Mary Waya has taken on international netball matches, has opened her own netball academy, and has started her own foundation; now she’s taking on the Birmingham 2022 Queen’s Baton Relay as a Batonbearer.
From a young age Mary had always been exposed to the world of sport. Her parents played in the police football and netball teams, and her older siblings followed in their footsteps, with three of her older brothers played for the Malawi National Football Team. Once, when they visited England for a training camp, they brought back a netball for Mary and her sisters to play with and her passion was ignited!
She began playing internationally when she was 14, since then she has represented her country in over 200 games and helped them secure their highest ever placing of fifth at the Netball World Cup in 2007. Over her 25-year career she has played in three previous Commonwealth Games including Kuala Lumpur 1998, Melbourne 2006, and Delhi 2010. She has now retired from playing but is still engaged with sports and the community.
In 2011 she started own netball academy with her major objective being to reach as many girls as possible with the message of hope, especially to those who may not otherwise have had the chance to show and grow their talents.
Mary has continued her philanthropy through founding the Mary Waya Foundation. The foundation works together with other charities to tackle local issues such as child marriage and abuse. Through the foundation she also raises money to build netball courts and centres for her Netball Academy. She is passionate about giving young girls opportunities, guiding them along a happy and healthy path and helping them flourish.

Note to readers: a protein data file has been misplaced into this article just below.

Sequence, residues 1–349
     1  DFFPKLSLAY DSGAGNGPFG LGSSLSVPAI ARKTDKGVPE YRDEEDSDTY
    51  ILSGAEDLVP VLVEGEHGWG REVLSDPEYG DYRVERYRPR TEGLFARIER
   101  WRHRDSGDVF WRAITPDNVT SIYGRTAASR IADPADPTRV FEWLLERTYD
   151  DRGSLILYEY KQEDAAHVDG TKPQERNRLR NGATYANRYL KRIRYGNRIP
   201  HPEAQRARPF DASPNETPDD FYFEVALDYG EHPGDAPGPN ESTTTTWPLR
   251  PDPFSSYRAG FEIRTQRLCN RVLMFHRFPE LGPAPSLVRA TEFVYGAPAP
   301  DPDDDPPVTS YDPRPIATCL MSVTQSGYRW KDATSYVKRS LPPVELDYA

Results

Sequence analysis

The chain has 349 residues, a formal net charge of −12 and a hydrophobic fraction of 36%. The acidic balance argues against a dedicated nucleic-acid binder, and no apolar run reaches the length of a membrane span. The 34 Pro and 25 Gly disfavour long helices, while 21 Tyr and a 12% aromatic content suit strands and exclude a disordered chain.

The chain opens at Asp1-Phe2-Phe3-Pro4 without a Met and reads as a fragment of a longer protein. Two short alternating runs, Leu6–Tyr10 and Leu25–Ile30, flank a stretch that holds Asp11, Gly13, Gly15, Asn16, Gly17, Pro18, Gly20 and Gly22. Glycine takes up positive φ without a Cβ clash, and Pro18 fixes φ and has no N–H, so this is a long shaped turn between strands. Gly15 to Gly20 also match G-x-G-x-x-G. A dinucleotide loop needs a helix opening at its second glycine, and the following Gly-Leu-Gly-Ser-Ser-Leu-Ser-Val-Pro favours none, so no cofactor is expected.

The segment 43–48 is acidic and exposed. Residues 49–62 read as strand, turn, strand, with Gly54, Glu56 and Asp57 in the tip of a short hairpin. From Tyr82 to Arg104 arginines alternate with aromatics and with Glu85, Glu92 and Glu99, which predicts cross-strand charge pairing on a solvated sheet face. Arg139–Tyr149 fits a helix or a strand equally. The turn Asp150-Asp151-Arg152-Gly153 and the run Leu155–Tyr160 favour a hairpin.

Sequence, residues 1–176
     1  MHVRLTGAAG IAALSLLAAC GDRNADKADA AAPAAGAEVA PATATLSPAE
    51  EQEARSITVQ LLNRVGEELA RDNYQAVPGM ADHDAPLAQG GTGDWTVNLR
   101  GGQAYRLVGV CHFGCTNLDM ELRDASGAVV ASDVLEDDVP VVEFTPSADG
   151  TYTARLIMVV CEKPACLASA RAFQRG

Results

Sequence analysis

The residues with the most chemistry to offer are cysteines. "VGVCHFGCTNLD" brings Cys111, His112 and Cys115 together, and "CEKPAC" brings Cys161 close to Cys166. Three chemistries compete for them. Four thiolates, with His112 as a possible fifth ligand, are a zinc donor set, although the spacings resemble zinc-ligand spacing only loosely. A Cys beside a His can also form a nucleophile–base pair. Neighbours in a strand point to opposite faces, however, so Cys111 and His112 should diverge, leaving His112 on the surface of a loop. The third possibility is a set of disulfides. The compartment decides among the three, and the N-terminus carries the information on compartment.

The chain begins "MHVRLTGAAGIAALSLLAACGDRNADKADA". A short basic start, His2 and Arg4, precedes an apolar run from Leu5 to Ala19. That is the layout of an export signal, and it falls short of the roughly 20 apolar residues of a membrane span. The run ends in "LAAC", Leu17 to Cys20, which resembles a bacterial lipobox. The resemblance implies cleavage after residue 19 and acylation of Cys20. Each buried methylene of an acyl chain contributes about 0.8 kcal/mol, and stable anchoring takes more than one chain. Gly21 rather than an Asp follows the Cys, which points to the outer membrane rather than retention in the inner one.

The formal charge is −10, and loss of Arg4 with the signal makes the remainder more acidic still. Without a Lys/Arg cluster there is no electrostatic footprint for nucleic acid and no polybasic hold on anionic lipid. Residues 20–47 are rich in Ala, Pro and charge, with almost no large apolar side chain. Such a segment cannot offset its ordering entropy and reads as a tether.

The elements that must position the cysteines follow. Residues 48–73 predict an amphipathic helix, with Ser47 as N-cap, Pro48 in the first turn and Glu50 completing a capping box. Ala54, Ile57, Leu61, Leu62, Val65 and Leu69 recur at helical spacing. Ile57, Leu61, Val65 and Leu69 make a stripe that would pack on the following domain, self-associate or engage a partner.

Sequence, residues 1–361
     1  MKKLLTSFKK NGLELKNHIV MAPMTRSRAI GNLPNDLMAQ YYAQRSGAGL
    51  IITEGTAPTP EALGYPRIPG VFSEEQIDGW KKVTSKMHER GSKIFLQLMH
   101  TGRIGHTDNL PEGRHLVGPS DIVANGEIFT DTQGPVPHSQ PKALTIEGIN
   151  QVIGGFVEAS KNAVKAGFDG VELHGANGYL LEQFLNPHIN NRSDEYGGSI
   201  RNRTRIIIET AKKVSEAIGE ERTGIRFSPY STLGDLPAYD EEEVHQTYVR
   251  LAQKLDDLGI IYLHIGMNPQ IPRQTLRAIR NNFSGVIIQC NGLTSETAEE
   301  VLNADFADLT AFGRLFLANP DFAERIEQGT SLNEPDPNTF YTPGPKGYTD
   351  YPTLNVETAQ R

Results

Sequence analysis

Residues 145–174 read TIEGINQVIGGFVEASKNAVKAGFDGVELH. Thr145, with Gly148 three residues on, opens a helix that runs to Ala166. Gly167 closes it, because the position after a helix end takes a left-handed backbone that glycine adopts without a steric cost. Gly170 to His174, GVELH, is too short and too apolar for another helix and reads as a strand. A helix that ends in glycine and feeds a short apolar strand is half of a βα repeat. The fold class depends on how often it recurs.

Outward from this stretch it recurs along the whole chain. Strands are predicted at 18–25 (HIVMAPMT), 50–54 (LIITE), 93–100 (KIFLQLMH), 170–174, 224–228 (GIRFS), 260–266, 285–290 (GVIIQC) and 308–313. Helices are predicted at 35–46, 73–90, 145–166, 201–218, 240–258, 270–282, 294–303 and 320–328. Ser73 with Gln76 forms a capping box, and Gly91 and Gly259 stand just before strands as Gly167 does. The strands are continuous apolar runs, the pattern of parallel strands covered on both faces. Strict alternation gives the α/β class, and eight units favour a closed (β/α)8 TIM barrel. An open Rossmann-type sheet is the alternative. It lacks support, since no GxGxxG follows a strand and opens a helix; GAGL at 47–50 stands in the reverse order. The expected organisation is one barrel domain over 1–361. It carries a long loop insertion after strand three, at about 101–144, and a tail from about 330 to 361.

Watch Mary talk about what the Commonwealth Games and sport mean to her:
20-year-old Thomas Borg represented Malta as Batonbearer during the second stop along the route of the Queen’s Baton Relay.
Thomas, who was born with an underdeveloped right arm, has been an avid sportsperson all his life. He started out playing football, then switched to swimming. He had been aiming to qualify for Tokyo 2020 Paralympics, however an injury sustained during training sadly ended his para-swimming career.
Ever-determined, Thomas switched his attention to sprinting and, thanks to his training efforts and dedication, he still qualified for Tokyo 2020 Paralympics. He competed in the Men’s 100m T47 and 400m T47 race, he placed 6th in the latter, setting a new national record and personal best for his time!
Following his success, he now has his eyes firmly set on the Birmingham 2022 Commonwealth Games and future events.
Watch the video below to hear Thomas discuss inclusivity and taking on challenges.
Noemi Alphonse is a 25-year-old para-athlete from Mauritius. She has represented her country at many international events and competitions and now she can add the Queen’s Baton Relay to that list. Noemi was a Batonbearer during the visit to Mauritius and carried the Baton around the Mahebourg Waterfront.
Noemi was born with a limb deficiency and was fitted with a prosthetic leg when she was just eight months old, yet she managed to learn to walk when she was only nine months old. She started her sporting journey at the age of eight, when she took up judo to help her deal with the bullying she was experiencing.
She discovered para-sport when she was 19 and since then has made history as the first Mauritian para-athlete to have participated in a final of the Paralympic Games. Noemi competed in two events in the Tokyo Paralympics, during which she set a new African record in the T54 1500m. This accomplishment adds to the list of her achievements including eight national records and four area records. In 2019, Noemi was named Sports Personality of the Year and Female Para Athlete of the Year in the physical impairment category at the 2019 National Sports Awards in Mauritius.
She is a passionate about not letting disability hold anybody back and wants to improve the integration of sport and para-sport.